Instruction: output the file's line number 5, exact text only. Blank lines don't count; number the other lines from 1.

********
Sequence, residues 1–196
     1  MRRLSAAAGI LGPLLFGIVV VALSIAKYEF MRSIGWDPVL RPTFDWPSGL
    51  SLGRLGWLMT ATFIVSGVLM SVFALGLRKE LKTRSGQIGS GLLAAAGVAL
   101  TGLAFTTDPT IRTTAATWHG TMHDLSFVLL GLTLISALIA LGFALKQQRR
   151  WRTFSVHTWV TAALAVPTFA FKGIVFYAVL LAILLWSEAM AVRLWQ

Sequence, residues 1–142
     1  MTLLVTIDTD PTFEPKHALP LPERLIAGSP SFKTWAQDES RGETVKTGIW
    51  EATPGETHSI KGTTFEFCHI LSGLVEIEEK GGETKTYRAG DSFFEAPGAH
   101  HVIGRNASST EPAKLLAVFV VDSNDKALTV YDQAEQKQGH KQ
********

   151  WRTFSVHTWV TAALAVPTFA FKGIVFYAVL LAILLWSEAM AVRLWQ